Tha Sports Junkies 101

The Warning Track: The Best Baseball Team Of All Time



When comparing some of the greatest baseball teams of all time a few teams might come to mind: the 1927 Yankees, the 1998 Yankees, or how about the 1970 Baltimore Orioles? This is an idea that has been debated for many years and will continue to be debated in the future.

So Ladies and Gentlemen the greatest baseball team of all time is… the 1976 Cincinnati Reds.



The 1976 Cincinnati Reds

Riverfront Stadium

Photo Credit Via Flickr

The Cincinnati Reds had quite the dynasty in the 1970’s, known as the big red machine, the franchise terrorized the national league from 1970-1976. The best of all those teams, however was the 1976 Cincinnati Reds, they finished the season with a MLB leading 102-60 (.630 Pct.) record.

To this day the 1976 Cincinnati Reds are the only team to go undefeated during the postseason. The Reds swept the Philadelphia Phillies (101-61 regular season record) in 3 games and then went on to defeat the New York Yankees 4 games to none to win the 1976 world series.

The 1976 NL all-star team consisted of 7 of Reds players, the only Cincinnati starter that did not make the all-star team was center fielder Cesar Gerónimo. It’s important to note, however, Gerónimo hit .307 with 11 triples and 22 stolen bases. Gerónimo also earned a gold glove in the 76 season.

The Starting Lineup

Position Player Games At Bats Runs Hits Batting Average Home Runs RBI Stolen Bases
C Johnny Bench 135 465 62 109 .234 16 74 13
1B Tony Pérez 139 527 77 137 .26 19 91 10
2B Joe Morgan 141 472 113 151 .32 27 111 60
3B Pete Rose 162 665 130 215 .323 10 63 9
SS Dave Concepción 152 576 74 162 .281 9 69 21
LF George Foster 144 562 86 172 .306 29 121 17
CF César Gerónimo 149 486 59 149 .307 2 49 22
RF Ken Griffey Sr. 148 562 111 189 .336 6 74 34

Position Player Games Innings Pitched Wins Losses ERA Strikeouts
SP Gary Nolan 34 239.1 15 9 3.46 113
SP Pat Zachry 38 204 14 7 2.74 143
SP Fred Norman 33 180.1 12 7 3.10 126
SP Jack Billingham 34 177 12 10 4.32 76
SP Santo Alcalá 30 132 11 4 4.70 67
SP Don Gullett 23 126 11 3 3.00 64

Position Player Games Wins Losses Saves ERA Strikeouts
RP Rawly Eastwick 71 11 5 26 2.09 70
RP Pedro Borbón 69 4 3 8 3.35 53
RP Rich Hinton 12 1 2 0 7.64 8
RP Manny Sarmiento 22 5 1 0 2.06 20

The Reds fielding absolutely flourished in the 1976 season with 4 players receiving gold gloves: Cesar Gerónimo, Johnny Bench, Dave Concepción and Joe Morgan. Pete Rose didn’t receive a gold glove in the 1976 season, but he had 2 gold gloves in 1969 and 1970. First Baseman Tony Pérez finished the season with only 5 errors, his fielding percentage was .996. Then of course the Reds had some big arms in the outfield. Ken Griffey Sr. and George Foster had tremendous athleticism and great arms.

The team was called the great eight for a reason, defense is one of the key parts of a winning baseball team and when you put the great eight on the field no other team can match their skill and chemistry.

Great 8

Statues Commemorating The Great 8: Photo Via Flickr

Playing Great Baseball

Within the great eight there was the “fearsome four” that of course was Johnny Bench, Tony Pérez, Joe Morgan and Pete Rose. According to Hardball Times Baseball Annual, the fearsome four produced more combined win shares in a 3 year period than any other team in the last 50 years. Even with all that in 76 the team was really a fearsome five, George Foster had an absolutely monster year at the dish. In 1976 the five combined for a total of 460 RBIs and 101 home runs.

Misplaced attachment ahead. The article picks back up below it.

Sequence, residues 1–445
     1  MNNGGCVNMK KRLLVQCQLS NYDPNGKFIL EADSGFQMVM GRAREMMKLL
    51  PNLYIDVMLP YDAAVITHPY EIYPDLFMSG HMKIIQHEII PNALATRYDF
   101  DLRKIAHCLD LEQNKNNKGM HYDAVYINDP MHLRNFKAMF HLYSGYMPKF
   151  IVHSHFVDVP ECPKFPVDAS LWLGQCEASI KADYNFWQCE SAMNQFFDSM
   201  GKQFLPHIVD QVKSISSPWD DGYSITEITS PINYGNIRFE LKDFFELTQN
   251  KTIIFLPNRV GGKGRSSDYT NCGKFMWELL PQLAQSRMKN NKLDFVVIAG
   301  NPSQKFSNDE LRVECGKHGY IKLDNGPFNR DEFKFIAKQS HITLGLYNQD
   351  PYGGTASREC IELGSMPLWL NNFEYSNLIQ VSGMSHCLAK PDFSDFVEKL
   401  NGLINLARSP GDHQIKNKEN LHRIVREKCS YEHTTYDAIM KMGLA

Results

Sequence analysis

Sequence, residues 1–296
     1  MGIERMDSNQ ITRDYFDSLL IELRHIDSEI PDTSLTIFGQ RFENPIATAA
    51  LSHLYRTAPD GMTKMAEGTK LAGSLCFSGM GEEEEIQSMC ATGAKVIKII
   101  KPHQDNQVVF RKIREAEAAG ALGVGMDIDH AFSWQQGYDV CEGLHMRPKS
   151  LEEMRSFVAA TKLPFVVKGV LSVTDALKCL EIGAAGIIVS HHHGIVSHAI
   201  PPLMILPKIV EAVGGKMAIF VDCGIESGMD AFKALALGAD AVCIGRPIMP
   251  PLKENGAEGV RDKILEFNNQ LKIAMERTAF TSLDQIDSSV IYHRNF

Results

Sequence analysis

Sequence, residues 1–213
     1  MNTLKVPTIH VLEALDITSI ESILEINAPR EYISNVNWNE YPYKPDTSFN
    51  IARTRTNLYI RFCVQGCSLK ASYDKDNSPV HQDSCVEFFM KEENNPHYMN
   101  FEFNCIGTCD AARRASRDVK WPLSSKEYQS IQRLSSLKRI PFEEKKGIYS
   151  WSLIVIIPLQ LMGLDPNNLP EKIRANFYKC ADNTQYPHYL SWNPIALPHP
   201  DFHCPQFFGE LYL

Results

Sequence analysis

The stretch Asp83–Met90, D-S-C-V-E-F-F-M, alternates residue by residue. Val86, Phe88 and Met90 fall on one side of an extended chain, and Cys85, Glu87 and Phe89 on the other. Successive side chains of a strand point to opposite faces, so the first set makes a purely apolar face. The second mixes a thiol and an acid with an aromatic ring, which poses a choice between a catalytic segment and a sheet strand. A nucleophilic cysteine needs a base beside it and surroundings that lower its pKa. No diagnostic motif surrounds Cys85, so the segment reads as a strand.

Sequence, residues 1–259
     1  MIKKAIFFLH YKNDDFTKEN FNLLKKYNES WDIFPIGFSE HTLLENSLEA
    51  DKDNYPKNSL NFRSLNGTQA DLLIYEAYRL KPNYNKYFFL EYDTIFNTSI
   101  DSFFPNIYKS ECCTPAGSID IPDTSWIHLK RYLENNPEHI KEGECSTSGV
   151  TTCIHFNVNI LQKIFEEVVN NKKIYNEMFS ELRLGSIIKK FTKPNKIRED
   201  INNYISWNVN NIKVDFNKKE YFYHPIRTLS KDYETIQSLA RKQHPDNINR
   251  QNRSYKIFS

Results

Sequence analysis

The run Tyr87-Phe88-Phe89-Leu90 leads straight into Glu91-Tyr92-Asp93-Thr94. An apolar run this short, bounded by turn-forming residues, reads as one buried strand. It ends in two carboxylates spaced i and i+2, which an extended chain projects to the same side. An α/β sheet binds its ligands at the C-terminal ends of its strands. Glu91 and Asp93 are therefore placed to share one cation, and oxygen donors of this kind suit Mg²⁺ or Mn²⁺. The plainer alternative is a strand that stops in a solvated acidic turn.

The Reds clearly had the power numbers, but along with that the team had excellent baserunners. Joe Morgan, George Foster and César Gerónimo all finished in the top 6 for the best stolen base percentage in the 1976 season. Joe Morgan would go on to win NL MVP at the end of the season.

The Cincinnati Reds also had stellar starting pitchers, all of Cincinnati’s starting pitchers had at least 10 wins and three of them had more than 100 strikeouts on the season. Every one of the Reds starting pitchers finished with a winning record. Some of those stats may seem low, but keep in mind that in a 6 man rotation those numbers are very good.

Four of the six starters finished with a better ERA than the league average (3.51) and all of the starting pitchers started at least 30 games expect Don Gullett.

The Bullpen only consisted of 5 guys! One of which only played in 4 games! You don’t see that in baseball today, most bullpens consist of at least 6 or 7 players. The Reds had two players that came in for most of the relief work, Pedro Borbón and closer Rawly Eastwick. Pedro and Rawly both pitched well on a consistent basis. Rawly Eastwick lead major league baseball in total saves with 22, he finished with 7 more saves than second place finisher Skip Lockwood.

Another Key member of the bullpen is Manny Sarmiento, Manny had a great record of 5-1 and a 2.06 ERA. Although he only pitched in 22 games those are still great numbers. The Reds bullpen got the job done when it needed to as the team finished 1st overall in saves. All of these pitchers had the incredible defense of the great 8 behind them during the season.

The team was managed by the Hall Of Famer Sparky Anderson. Anderson is clearly one of the best managers of all time. Sparky made a genius decision to move Pete Rose from the outfield to third base so that George Foster and Ken Griffey Sr. would play in the outfield. This all helped the Big Red Machine operate even better.

The 1976 Reds are one of the most clutch hitting and pitching teams of all time, their performance under the pressure of the playoffs speaks for itself. Pound for Pound the 1976 Cincinnati Reds are the greatest team of all time, they are the only team to go undefeated in the MLB postseason and I believe they would beat any team in history in a series.